Nationals Baseball

Saturday, September 24, 2016

Friday, September 23, 2016

Bryce and Daniel.

Bryce Harper is hurt.

We've guessed about this before but it's almost certainly true.  If it isn't true here is what you believe :
The year after generational prospect Bryce Harper broke out and had one of the greatest offensive seasons of all time, he had the 3rd worst and worst months of his career so far. That after slugging 44 doubles and 51 homers in a season and a month he would regress to the point of having the worst isoSLG of his career*

But why would this be? All those walks (NOT STARTED BY JOE MADDON) got in his head? Maybe but he'd have a decent June and a good August after that. Adjustments by the pitcher or by him? Hard to believe that 5 years into a career. Natural variation? That's a little tough to believe but I won't rule it out if that makes you happy. I'd need to look more into it.

But power should be sort of stable right? Let's see what we see when we look at his isoSLG monthly after his last struggling rookie month

.213 .313 .376 .175

Wait! What happened there? Well that corresponds to May 2013. On April 29th he crashed into the wall and might have hurt his hip. On May 13th he crashed into the wall and did hurt his knee.

-- .178 .208 .091

Woah woah I thought he was getting better! If you are going to hang your hat on something I guess this month - September of 2013 looks to be one. (he didn't play in June if you are counting up months that's the "--") He seems to be getting better then he struggled. Accumulation of injuries? Perhaps but nothing immediate. We move on.

.133 -- -- .114

Hold it again - ok the .133 suggests lingering issues but the .114? Well that's the month after came back from breaking his hand.

.211 .133

At this point we're at the end of 2014 and Bryce is either (1) not that great or (2) pretty injured. Those last rookie months into his 2nd year and a smattering of back from injury months suggest (2) but a couple months in there suggest (1) might be the case. What does 2015 hold?

.259 .524 .321 .275 .122 .414

That should help rule out (1), but .122, there's your second hat hanger. Just a ill-timed slump. Started pretty much Day 1 of August. He still hit well - just no pop. He did hurt himself a little in August but was actually better after that. So even on his game Bryce can have some short periods of no power. Now 2016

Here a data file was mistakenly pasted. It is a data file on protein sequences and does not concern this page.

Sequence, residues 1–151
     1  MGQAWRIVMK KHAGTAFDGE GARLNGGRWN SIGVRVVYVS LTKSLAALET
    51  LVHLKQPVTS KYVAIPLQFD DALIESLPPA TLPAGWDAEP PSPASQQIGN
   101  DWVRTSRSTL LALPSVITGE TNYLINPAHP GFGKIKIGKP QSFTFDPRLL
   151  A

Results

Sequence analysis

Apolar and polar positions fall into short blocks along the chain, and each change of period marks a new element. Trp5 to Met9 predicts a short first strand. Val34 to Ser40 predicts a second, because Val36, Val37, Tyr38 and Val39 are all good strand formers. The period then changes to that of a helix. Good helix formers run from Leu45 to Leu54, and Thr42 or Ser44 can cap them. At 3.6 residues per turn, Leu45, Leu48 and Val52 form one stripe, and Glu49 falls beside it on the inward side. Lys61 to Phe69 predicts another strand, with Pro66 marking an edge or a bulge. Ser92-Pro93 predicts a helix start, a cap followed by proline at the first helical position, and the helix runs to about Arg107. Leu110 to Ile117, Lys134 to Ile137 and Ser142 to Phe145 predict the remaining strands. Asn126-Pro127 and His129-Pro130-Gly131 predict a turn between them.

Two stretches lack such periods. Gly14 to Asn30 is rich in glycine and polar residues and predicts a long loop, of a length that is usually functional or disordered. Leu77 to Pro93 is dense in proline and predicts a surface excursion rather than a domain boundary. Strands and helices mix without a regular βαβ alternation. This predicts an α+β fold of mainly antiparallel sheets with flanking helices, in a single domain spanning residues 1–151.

.428 .163 .139 .143 .226 .087

So here we are. I think you could write off May as an affect of the walk strategy. It seemed to throw him off for a couple weeks. June or July could be a slump, maaaybe even both, but it would be his first extended slump like that. And then there's the .087? I suppose it could be another ill-timed slump (it did happen to start Day 2 of September) but now your saying Bryce just happened to have three slumps, including his worst ever, in the same season. A season where age and recent success suggest he should be in his prime. It just doesn't make a lot of sense. Coupled with the other low numbers, the general history of slugging issues when injured. I think injury is just the more reasonable guess.

Now if we were just guessing, like before, it's easier to rule out. Fans being fans. But now that we have a source and a credible reporter saying the same, it seems more foolish to not buy into it. They have no good reason to tell us that he's injured either, unless they plan for him to sit. So don't expect any news until the off-season but right now I think it's foolish to think he's working through anything other than an injury.

Daniel Murphy is injured.

They don't know what it is.  He has been able to pinch hit twice so there is that. But that first PH seems like he's grimacing, no? The 2nd one didn't inspire confidence either - weak reaching ground ball on an almost one-handed swing - but looking at other GBs he hit on pitches like that it's not different enough for me to point it out. 

This is a big deal. Bigger than Bryce, honestly. If Bryce is hurt - well then Bryce has been hurt most of the year and he's battled through it and the team's been ok because they've had other guys they can rely on. If Murphy's hurt - he's carried the team all year. Early with Bryce, mostly with Ramos, lately with Turner and Rendon, but he's been there all year. If he can't hit like he has that's the heart of the 2016 Nats line-up cut out.

Let's hope he plays today and this can be just unecessary concern. If he doesn't play I'd even accept a diagnosis because honestly all that matters is that he's healthy enough to get a few good swings in before the seasons end and how us that he'll be ok for the playoffs.

*if you recall this is SLG with batting average pulled out. It helps adjust for BA fueled SLG percentage highs and lows. For example when Bryce was getting walked all the time in May and only hit .200 his SLG of .363 looked hideous. However the isoSLG of .163 was merely bad. It wasn't that he wasn't hitting for power - he was just slumped.

Thursday, September 22, 2016

Nats do as Nats do

Ramos was made an offer said Heyman.  How much? Let's go to our resident psychic and see what he said just a couple days ago!
I can see them offering Ramos something like 3/30+ to begin with to see if he would take it and then offering him the QO.
Yay me!  It WAS apparently something like 3 years slightly more than 30 million.  Why is that what the Nats offered?